Our Field House Intern (Jaclyn Bruneau) interviewed Crompton about the article and his upcoming talk this past week. Here is an excerpt where Crompton draws out the analogus connection between the history of the dispossessed land and current situations in the city. We will be posting the rest of the interview in the coming days.

Jaclyn Bruneau: Your article in The Mainlander draws attention to the linkage between the kinds of aggressive colonialist displacement and dispossession that took place 100 years ago in 1913, and the accelerating gentrification happening in Gastown, the DTES, and extending as far as Grandview-Woodlands. What kinds of excuses or justifications are people making for these new developments that render such a seemingly obvious linkage invisible? You cite a The Province editorial is titled, “The sooner the Downtown Eastside is cleaned up the better” which touches on this.

Nathan Crompton: I think that “cleaned up” is a telling choice of words in this case. What the editors of the Province want today is what they have always wanted as they lean in on the benefits of a capitalist, colonial society while disavowing the consequences of displacement, exclusion, endemic unemployment in the cities, etc. Our article tries to draw on old Province editorials. There is a 1903 editorial calling for the displacement of the Kits reserve, which describes the First Nations settlement in familiar terms, as an “eyesore” that should be removed because it does not maximize the financial value of the land.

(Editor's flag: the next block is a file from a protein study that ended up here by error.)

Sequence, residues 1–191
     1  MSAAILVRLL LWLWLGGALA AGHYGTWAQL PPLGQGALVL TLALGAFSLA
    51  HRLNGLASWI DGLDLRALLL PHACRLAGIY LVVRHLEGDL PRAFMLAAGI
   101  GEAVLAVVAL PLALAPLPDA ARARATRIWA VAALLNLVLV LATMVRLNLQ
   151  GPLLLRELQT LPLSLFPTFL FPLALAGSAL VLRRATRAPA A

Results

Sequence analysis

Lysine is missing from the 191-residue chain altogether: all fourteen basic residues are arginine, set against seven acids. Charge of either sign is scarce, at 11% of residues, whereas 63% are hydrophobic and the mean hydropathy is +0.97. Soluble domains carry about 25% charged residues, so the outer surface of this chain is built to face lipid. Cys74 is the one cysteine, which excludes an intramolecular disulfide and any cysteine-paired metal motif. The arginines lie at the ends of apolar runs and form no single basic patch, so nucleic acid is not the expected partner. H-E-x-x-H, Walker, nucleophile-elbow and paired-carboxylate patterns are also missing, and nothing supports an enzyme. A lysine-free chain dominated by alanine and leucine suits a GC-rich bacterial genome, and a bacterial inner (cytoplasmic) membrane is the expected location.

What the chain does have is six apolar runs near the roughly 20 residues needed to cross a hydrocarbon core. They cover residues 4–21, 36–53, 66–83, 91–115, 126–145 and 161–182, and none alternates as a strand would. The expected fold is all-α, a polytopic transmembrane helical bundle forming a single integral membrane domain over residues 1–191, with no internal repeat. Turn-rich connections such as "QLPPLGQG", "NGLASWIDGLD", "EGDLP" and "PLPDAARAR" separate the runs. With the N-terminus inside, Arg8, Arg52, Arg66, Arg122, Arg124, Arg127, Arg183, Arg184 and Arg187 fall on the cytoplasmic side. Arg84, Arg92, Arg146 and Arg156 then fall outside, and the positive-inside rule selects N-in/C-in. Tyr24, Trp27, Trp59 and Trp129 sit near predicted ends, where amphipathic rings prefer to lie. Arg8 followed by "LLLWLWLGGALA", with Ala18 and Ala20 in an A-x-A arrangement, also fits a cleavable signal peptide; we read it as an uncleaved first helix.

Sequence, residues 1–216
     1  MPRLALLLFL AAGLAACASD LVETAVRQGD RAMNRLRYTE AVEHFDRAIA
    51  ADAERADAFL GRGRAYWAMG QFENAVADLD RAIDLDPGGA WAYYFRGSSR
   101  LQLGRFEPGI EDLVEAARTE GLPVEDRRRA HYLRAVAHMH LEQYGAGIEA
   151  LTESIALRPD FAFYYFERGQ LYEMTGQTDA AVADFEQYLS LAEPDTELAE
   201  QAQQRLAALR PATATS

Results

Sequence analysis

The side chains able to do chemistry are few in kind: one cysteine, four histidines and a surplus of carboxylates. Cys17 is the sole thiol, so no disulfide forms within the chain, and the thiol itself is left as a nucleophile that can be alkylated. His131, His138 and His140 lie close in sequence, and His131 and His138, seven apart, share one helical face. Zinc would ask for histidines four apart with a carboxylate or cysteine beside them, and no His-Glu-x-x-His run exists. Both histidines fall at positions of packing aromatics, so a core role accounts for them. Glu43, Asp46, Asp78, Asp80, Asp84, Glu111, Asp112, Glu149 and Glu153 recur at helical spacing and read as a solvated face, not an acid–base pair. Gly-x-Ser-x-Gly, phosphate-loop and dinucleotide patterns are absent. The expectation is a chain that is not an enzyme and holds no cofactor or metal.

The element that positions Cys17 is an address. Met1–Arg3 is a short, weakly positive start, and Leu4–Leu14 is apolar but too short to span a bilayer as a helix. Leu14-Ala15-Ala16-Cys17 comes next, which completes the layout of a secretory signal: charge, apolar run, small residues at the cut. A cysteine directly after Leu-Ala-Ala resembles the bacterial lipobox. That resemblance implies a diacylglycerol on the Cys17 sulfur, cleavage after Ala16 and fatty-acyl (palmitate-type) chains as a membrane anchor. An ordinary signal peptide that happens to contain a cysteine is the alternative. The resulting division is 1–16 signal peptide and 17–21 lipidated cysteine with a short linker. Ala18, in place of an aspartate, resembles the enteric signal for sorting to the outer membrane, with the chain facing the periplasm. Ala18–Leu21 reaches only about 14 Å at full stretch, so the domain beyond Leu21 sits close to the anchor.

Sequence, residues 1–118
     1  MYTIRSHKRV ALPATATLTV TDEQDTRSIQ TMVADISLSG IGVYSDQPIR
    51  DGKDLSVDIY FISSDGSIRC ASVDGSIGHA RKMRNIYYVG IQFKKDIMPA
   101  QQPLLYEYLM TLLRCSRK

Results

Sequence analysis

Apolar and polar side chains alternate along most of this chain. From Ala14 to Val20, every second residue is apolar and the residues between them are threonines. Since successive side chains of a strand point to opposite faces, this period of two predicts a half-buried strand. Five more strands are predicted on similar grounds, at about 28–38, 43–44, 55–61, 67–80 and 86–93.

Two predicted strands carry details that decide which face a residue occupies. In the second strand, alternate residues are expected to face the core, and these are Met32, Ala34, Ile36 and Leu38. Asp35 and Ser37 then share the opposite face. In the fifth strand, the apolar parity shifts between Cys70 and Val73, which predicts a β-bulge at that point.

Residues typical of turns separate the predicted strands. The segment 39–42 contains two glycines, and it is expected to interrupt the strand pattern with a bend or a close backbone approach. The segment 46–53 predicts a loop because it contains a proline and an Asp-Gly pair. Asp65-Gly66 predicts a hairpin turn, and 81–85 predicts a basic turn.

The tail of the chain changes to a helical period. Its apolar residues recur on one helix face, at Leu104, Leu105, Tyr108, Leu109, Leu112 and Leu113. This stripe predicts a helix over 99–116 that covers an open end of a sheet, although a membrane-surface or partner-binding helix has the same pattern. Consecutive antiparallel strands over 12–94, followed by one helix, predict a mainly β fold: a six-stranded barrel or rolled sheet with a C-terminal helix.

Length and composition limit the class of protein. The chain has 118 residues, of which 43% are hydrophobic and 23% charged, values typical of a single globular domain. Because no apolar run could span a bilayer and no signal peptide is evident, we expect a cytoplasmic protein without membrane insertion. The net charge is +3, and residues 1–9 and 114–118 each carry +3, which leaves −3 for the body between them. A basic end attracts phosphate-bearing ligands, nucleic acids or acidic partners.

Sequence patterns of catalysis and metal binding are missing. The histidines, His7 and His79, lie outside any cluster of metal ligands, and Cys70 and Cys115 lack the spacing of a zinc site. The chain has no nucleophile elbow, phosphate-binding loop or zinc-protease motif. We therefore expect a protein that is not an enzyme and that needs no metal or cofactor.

It is important to read those old articles, because despite the passage of time they resonate with our troubled present. What the Province wants to “clean up” is of course the same communities that have been resisting and surviving since the beginning of colonial settlement. This is why the proposed cleaning is so deeply political and social. The cleansing of Vancouver’s low-income neighborhoods is a social cleansing, and we need to look beyond the realm of ideology and discourse to identify the process. The “proposals” being put forward by the Province already being acted upon by the real-estate developers and the police, so we have the white press, the State and capital, each forming their own part of the eternal recurrence of colonialism.